The present invention aims at solving the difficulties pointed out with respect to the conventional serpentine type heat exchangers, and has for its object to provide a condenser having a relatively small core which nevertheless includes a large effective cross-sectional area for coolant passageways, thereby reducing a possible resistance to the flow of coolant.
Another object of the present invention is to provide a condenser having coolant passageways which are divided into a condensing section and a supercooling section which are different in the numbers of tubes from each other.
A further object of the present invention is to provide a condenser having a core whose construction is adapted for enhancing the heat exchange efficiency.
Other objects and advantages of the present invention will become more apparent from the following detailed description, when taken in conjunction with the accompanying drawings which show, for the purpose of illustration only, one embodiment in accordance with the present invention.
According to the present invention there is provided a condenser adapted for use in the car cooling system, the condenser comprising:
a pair of headers provided in parallel with each other;
a plurality of tubular elements whose opposite ends are connected to the headers;
fins provided in the air paths between one tube and the next;
wherein each of the headers is made of a cylindrical pipe of aluminum;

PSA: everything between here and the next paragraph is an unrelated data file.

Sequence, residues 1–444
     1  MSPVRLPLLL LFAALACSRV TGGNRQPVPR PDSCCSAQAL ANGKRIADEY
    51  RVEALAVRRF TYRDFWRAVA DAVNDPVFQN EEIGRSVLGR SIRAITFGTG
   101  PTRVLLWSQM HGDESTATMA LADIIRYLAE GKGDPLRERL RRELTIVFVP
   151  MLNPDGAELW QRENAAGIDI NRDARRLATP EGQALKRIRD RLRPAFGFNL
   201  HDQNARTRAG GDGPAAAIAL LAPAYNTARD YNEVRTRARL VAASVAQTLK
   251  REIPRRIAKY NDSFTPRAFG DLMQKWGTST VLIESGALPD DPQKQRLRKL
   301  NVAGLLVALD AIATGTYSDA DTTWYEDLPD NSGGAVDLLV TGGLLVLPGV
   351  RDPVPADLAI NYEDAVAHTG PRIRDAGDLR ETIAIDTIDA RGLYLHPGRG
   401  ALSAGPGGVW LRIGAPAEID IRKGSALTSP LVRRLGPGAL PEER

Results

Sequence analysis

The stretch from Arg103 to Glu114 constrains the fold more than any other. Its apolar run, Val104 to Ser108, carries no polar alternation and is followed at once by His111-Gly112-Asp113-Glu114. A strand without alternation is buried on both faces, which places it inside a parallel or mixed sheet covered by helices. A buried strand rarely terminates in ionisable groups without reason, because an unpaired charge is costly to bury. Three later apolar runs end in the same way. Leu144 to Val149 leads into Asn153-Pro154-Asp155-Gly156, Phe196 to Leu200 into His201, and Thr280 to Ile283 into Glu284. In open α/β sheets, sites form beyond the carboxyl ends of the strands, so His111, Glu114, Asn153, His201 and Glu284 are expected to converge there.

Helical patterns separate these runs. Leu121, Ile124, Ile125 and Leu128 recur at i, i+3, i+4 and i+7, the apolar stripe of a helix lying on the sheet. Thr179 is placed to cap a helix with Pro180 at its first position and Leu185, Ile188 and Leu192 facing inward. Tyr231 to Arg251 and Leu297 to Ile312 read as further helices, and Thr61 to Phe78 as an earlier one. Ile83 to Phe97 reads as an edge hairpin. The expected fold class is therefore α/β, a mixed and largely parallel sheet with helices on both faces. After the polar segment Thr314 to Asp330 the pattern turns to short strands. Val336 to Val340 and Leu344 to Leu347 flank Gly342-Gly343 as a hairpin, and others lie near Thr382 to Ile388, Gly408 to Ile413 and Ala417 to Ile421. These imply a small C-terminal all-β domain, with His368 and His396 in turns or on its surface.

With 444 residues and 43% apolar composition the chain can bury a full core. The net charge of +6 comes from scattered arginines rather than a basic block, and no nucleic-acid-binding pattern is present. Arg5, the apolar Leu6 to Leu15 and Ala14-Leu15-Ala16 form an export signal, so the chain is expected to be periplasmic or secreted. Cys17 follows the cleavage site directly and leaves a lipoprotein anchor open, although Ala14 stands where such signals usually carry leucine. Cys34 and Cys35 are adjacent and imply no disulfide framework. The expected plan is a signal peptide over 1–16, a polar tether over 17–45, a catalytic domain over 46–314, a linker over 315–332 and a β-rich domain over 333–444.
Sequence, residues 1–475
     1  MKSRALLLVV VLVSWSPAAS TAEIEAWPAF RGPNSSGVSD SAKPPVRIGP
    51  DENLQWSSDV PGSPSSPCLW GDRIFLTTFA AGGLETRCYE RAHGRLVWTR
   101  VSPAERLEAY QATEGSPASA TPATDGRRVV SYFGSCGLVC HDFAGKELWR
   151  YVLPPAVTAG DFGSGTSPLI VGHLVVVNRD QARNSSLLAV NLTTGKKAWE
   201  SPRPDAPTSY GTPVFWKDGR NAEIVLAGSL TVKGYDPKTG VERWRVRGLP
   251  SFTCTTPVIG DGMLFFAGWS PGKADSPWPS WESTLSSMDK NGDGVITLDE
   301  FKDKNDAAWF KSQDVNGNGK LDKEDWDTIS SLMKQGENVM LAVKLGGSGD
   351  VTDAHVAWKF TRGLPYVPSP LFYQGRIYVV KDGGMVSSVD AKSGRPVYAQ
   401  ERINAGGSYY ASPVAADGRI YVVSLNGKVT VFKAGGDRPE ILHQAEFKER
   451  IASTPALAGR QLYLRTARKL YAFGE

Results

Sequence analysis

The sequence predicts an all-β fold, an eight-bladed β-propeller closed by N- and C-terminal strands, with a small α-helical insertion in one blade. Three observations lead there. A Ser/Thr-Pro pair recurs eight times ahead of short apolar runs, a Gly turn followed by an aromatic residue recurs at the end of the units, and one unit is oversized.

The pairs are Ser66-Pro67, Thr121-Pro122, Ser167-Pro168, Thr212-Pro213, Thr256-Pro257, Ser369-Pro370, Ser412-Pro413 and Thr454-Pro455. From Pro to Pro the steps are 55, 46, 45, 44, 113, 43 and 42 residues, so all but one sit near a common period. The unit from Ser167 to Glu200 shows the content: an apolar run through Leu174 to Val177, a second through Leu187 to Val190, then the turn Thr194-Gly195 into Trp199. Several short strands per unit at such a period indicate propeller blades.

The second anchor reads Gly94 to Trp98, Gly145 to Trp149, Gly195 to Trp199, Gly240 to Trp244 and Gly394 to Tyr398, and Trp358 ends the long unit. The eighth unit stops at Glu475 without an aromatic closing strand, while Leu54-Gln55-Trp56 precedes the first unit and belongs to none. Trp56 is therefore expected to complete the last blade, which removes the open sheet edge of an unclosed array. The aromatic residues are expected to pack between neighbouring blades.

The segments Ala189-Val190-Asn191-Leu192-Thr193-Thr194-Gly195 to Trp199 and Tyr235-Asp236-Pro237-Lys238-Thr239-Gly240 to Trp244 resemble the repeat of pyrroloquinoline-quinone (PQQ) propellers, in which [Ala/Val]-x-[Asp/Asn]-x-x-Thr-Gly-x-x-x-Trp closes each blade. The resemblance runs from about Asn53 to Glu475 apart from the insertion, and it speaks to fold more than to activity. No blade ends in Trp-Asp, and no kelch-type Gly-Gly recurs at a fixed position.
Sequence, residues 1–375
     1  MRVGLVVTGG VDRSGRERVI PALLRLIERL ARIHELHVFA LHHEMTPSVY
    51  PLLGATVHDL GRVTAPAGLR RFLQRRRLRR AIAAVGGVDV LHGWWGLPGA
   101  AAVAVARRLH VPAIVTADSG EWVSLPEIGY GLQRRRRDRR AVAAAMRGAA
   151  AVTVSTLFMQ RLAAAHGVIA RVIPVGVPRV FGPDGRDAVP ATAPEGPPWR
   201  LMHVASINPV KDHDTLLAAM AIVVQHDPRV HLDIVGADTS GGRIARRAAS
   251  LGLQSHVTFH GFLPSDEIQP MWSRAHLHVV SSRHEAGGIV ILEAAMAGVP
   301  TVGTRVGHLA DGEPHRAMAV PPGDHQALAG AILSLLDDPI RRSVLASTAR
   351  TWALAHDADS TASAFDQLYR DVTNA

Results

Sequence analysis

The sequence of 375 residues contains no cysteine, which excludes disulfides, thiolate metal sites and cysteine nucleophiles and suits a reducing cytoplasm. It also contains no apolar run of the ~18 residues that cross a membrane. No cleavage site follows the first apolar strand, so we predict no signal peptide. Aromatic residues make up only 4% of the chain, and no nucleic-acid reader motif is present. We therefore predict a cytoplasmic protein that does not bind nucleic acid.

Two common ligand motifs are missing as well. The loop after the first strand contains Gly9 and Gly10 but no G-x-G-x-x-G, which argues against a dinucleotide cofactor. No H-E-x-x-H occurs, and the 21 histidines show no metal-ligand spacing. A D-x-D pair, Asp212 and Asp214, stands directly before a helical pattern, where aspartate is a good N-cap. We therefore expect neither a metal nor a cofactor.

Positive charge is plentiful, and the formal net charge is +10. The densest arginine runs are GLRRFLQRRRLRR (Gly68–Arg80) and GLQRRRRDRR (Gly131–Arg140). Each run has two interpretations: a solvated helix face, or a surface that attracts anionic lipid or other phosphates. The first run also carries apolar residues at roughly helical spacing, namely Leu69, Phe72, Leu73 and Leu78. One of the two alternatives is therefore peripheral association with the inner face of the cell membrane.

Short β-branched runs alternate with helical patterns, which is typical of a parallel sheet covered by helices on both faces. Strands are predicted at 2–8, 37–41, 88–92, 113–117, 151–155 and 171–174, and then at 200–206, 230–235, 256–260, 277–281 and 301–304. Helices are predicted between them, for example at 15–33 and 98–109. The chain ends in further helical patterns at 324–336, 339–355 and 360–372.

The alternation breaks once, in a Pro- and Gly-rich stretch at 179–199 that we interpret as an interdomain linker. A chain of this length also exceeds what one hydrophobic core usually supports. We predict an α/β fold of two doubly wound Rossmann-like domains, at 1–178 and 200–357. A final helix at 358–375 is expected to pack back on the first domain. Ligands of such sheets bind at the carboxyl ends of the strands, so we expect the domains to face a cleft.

wherein each of the tubular elements is made of a flat hollow tube of aluminum by extrusion; and
wherein the opposite ends of the tubular elements are inserted into slits produced in the headers so that they are liquid-tightly soldered therein.
As is evident from the summary of the invention, the present invention adopts a multi-flow pattern system, whereby the coolant flows through a plurality of tubular elements at one time. The effective cross-sectional area for coolant passageways can be increased merely by increasing the number of tubular elements, thereby reducing resistance acting on the coolant. This leads to the reduction in the pressure loss of coolant.
In general, the multi-flow pattern system is unable to withstand a high pressure provided by a pressurized gaseous coolant because of the relatively fragile joints between the headers and tubular elements, and the headers per se which are constructed without presupposing the high pressure which would act thereon by the coolant. In order to solve this problem encountered by the multi-flow pattern system the condenser of the present invention uses a cylindrical pipe for the header, and flat tubes for the tubular elements, whose opposite ends are inserted in the slits produced in the headers and soldered therein, thereby ensuring that the condenser withstands a high pressure provided by the coolant.
Each of the headers is internally divided by a partition into a least two sections; that is, a condensing section and a supercooling section, wherein the condensing section has a coolant in its gaseous state whereas the supercooling section has a coolant in its liquid state. When the coolant is in a gaseous state its volume is large, which requires a relatively large effective cross-sectional area for the coolant passageways. When it is in a liquid state the volume reduces, thereby allowing the coolant passageway to have a relatively small cross-sectional area.
According to the present invention there are provided dimensional relationships among the width, height and pitch of the tubular elements and fins as follows:
Width of the tubular element: 6 to 12 mm